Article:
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Erastus W. Jewett
Born (1839-04-01)April 1, 1839
St. Albans, Vermont
Died February 20, 1906(1906-02-20) (aged 66)
Burlington, Vermont
Place of burial
Church Street Cemetery, Swanton (town), Vermont
Allegiance Flag of the United States (1861-1863).svg United States (Union)
Service/branch XVIIIcorpsbadge2.png Union Army (Army of the James)
Flag of the Vermont Republic.svg Vermont Militia
Years of service 1862-1864 (Army)
1882-1892 (Militia)
Rank Union army 1st lt rank insignia.jpg First Lieutenant (Army)
Union army col rank insignia.jpg Colonel (Militia)
Unit Company A, 9th Vermont Infantry
Staff of the Adjutant General of Vermont
Battles/wars American Civil War
Awards Medal of Honor ribbon.svg Medal of Honor

Erastus W. Jewett (April 1, 1836 – February 20, 1906) was a Medal of Honor recipient who fought in the 9th Vermont Infantry during the American Civil War.

Early life

Jewett was born in St. Albans, Vermont on April 1, 1836, the son of Eleazer Jewett and Jessie (Abell) Jewett. Jewett had nine brothers and sisters, including Albert Burton Jewett, who commanded the 10th Vermont Infantry as a colonel, and Jesse A. Jewett, a captain in the 5th Vermont Infantry, who died in Swanton shortly after the war as the result of an illness he contracted during his military service.

Erastus Jewett was educated in St. Albans, and worked as a surveyor in the years prior to the American Civil War.

Civil War

In June 1862, Jewett joined the Union Army to fight in the Civil War, and was commissioned as a second lieutenant in the 9th Vermont Infantry. On August 3, he was captured, and remained a prisoner of the Confederacy for 25 days. Jewett was promoted to first lieutenant in May 1863. During his service, he took part in the battles of Harper's Ferry (September 13 and 15, 1862), Newport Barracks (February 2, 1864), Chaffin's Farm (September 29, 1864), and Fair Oaks (October 27, 1864). He resigned in November 1864, and returned to Vermont.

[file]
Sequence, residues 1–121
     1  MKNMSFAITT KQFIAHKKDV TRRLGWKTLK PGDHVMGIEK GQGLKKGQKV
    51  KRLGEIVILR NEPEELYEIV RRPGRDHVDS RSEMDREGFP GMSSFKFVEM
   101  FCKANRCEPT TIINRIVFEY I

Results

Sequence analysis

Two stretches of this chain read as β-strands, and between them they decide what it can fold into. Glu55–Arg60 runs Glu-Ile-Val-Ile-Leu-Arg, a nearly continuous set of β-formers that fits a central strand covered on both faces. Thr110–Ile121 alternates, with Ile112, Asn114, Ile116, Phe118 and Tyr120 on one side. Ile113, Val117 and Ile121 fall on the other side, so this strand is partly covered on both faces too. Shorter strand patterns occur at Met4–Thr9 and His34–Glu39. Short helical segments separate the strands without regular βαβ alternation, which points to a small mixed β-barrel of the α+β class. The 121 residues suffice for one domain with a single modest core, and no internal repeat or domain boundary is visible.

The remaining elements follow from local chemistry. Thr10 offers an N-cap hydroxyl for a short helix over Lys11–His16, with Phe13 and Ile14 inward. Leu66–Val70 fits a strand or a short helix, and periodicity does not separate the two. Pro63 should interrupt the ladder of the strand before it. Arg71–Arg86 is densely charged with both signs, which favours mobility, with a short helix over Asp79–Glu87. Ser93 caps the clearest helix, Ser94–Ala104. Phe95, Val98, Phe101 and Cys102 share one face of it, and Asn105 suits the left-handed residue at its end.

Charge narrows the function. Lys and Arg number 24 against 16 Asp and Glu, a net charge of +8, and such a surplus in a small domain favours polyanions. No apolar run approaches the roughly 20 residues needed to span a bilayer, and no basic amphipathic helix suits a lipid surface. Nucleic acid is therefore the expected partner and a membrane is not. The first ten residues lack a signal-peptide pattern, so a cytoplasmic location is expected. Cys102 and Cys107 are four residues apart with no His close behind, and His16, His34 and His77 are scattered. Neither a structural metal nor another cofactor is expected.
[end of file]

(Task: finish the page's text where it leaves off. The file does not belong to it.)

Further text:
Medal of Honor

He was awarded the Medal of Honor, his nations' highest military award, for his actions in holding off the enemy during the retreat of the garrison during the Battle of Newport Barracks on February 2, 1864. This award was presented on September 8, 1891.

"By long and persistent resistance and burning the bridges kept a superior force of the enemy at a distance and thus covered the retreat of the garrison."

Later life

Jewett resided in Swanton, where he was engaged in the production and sale of hay and lime. He was also active in the manufacture of metal goods, including buckles and wire. Jewett continued his military service as a member of the Vermont Militia's headquarters staff from 1882 to 1892, including general inspector and inspector of rifle practice, and he attained the rank of colonel. He was involved in local politics as a Republican, and held several town and village offices, including village president. Jewett was a member of the Grand Army of the Republic, the Swanton post of which was named for his brother Jesse. When Wheelock G. Veazey was the GAR's national Commander-in-Chief from 1890 to 1891, Jewett served on his staff as aide-de-camp with the rank of colonel. Jewett was also active in the Military Order of the Loyal Legion of the United States, the Sons of the Revolution, and the Freemasons.

Death and burial

Jewett retired in 1902 and was a resident of Burlington. On February 20, 1906, he was on his way to a local Grand Army of the Republic meeting when he became ill. He returned to his home, and died soon afterwards. Jewett was buried at Church Street Cemetery in Swanton.


Jewett was the husband of Fanny L. Brigham (d. 1882) of St. Albans. Their children included Jessie, Mary, Nellie, and Walter.

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